Wednesday, March 25, 2009

Reading Update

Since I have offered very little, of late, I figure I at least provide a reading update - my only refuge from my chronic writer's block. As is my habit, I am reading five books at the same time. This time I took a picture of the books and posted it below; an idea I stole off another blog.

Apologies for the poor picture quality, I was using a camera phone.

It's an interesting grab-bag of books:
  • Every Man A Speculator – a fascinating cultural history of Wall Street. Instead of concentrating on larger than life players like other histories, this book focuses on Wall Street and every day people.

  • The Seekers – Daniel J. Boorstin’s three-volume survey of Western civilization and culture ends with a look at those philosophers, artists, writers and other cultural iconoclasts who search for the ideas. In Boorstin’s opinion, it’s not about destination but the journey there. Sounds familiar.

  • The Foreign Correspondent – Alan Furst is one of my favorite thriller writers. Like all his novels, this one takes place in pre-World War II Europe. His characters are not Americans or English, but French, Polish, Bulgarian, Dutch, and, in this book, Italian. The book is both vivid and engrossing.

  • The Great Gamble – As America’s involvement in Afghanistan continues to grow, they should take the lessons of the past very seriously. This book surveys the Soviet invasion, occupation, and retreat from Afghanistan, a country that has trapped more than one imperial power.

  • The House of Cards – A riveting account of the collapse of Bear, Stearns, who disappeared from Wall Street literally overnight. Bear, Stearns, like all stuffy Wall Street firms, suffered from hubris, when they arrogantly believed they would survive the sub-prime mortgage implosion.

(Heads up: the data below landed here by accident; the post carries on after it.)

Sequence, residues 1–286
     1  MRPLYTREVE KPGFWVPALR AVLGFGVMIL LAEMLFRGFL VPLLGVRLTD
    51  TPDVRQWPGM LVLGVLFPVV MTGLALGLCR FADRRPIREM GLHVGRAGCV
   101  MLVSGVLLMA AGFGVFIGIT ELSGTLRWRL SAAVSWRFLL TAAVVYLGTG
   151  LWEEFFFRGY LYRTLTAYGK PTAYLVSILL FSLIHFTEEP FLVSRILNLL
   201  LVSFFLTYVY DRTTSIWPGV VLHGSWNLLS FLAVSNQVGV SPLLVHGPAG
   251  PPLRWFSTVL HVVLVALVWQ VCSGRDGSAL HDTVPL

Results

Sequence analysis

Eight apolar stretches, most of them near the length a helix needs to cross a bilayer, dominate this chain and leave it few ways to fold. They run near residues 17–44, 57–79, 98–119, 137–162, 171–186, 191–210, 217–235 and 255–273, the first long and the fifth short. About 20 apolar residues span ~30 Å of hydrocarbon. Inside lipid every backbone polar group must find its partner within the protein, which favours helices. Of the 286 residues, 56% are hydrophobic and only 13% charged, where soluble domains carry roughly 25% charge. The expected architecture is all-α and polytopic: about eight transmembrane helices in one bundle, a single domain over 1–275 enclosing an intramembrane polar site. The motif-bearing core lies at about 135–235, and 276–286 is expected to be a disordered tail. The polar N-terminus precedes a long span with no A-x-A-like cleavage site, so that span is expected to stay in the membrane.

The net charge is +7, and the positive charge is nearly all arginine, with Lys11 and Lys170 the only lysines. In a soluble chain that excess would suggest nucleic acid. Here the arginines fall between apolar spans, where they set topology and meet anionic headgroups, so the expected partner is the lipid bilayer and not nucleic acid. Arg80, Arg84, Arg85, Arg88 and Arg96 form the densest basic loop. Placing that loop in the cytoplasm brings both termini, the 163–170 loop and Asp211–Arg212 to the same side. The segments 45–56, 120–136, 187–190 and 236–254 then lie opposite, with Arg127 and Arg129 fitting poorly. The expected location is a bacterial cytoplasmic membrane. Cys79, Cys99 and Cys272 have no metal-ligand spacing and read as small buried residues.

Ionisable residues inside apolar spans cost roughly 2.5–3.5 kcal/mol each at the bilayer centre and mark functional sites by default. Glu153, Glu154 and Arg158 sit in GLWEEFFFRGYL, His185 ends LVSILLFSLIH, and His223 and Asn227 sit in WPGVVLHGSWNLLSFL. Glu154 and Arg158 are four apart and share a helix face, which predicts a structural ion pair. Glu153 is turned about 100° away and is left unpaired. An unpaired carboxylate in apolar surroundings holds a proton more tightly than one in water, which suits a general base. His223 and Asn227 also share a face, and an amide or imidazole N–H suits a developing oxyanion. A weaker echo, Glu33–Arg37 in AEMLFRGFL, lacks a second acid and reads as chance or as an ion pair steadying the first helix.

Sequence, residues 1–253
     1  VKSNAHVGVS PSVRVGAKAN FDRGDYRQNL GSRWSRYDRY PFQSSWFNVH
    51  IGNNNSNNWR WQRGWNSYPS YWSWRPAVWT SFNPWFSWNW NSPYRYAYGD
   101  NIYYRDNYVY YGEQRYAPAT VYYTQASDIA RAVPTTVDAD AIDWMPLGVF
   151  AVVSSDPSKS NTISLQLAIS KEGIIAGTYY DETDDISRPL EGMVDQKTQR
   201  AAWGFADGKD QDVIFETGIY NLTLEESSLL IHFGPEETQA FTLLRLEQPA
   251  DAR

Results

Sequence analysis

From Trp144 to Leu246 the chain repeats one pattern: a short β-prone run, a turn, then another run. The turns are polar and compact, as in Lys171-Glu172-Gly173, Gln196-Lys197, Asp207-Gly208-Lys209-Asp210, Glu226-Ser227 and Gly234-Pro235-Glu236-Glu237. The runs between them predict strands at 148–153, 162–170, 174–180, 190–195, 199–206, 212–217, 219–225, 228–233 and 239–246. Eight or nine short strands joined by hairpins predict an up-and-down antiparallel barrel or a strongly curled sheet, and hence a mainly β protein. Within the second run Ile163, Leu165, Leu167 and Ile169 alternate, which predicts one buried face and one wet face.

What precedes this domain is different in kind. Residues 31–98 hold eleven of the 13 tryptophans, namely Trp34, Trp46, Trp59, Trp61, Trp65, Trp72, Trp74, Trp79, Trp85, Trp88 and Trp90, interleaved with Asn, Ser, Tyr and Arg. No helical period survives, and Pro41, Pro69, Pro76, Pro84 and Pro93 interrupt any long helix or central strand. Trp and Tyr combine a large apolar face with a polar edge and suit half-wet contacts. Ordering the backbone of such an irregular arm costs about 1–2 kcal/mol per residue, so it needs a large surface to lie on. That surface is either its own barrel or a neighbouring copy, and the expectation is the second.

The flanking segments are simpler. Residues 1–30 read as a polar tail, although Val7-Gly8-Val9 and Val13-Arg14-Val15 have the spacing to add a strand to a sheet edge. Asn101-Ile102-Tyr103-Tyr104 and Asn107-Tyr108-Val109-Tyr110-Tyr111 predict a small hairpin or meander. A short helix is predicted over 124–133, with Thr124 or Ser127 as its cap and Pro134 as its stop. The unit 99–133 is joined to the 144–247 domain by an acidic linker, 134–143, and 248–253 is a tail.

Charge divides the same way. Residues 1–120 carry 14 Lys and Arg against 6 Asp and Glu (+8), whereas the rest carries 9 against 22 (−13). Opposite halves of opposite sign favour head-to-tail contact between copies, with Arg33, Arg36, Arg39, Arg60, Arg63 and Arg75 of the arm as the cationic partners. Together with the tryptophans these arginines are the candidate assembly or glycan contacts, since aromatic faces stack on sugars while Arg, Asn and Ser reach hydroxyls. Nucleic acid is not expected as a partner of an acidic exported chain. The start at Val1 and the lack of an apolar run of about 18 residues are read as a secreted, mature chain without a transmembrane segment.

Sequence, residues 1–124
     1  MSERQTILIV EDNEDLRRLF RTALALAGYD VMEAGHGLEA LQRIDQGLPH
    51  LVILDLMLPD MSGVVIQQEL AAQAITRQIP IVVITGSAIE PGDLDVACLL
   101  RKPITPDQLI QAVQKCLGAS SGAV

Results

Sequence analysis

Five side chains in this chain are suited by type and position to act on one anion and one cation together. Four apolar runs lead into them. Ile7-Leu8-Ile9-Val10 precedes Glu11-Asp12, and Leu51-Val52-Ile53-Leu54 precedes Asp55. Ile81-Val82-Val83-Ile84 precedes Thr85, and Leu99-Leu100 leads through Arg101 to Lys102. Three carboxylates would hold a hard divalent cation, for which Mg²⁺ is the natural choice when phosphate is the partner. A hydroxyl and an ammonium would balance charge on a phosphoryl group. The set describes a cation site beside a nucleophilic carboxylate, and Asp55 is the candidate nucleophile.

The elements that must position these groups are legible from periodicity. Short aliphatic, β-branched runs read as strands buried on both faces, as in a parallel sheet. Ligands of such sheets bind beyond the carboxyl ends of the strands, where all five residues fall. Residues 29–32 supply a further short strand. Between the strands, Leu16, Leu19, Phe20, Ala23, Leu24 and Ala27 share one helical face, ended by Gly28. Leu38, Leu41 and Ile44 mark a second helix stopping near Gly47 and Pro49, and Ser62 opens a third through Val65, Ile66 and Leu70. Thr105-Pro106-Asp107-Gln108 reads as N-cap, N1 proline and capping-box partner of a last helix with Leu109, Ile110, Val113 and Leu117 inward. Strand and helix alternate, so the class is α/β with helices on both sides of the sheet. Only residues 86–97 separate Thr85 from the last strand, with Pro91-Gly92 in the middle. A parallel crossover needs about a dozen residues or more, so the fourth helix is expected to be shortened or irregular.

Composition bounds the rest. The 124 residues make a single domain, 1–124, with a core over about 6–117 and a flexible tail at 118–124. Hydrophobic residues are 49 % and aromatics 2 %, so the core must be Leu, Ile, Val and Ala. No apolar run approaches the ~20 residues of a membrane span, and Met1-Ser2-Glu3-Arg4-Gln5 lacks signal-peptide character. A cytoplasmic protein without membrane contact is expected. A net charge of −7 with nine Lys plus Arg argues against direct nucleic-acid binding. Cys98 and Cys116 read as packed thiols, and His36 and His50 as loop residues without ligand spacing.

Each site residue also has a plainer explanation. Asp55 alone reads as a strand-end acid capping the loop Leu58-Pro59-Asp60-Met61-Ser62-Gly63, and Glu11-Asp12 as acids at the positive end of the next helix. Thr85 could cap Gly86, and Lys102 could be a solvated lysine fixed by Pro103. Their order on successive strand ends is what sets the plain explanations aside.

I figure this will keep me busy until end of summer.

Tuesday, March 3, 2009

Will We Ever Know Who Did It?

No doubt the attack on the Sri Lankan cricket team in the Pakistani city of Lahore is an act of pure terrorism, but questions remain: who and why?

Everybody, including the entire desi blogosphere, will be bandying their own pet theories; and, naturally, I have a few of my own. The pro-Pakistani bloggers will blame the attacks on a known enemy of Pakistan. This is code for India (and its intelligence agency RAW), of course. The pro-India bloggers, on the other hand, will blame Pakistani-based jihadis and their supporters (primarily the ISI).

Most people are in a fog of information regarding these matters. And we bloggers are no exception given that we get most of our information from second-hand or third-hand sources, which is hardly ideal to get at the truth. So we filter these new sources through our biases, prejudices, stereotypes, etc.

Honestly, will anyone know the truth behind this attack?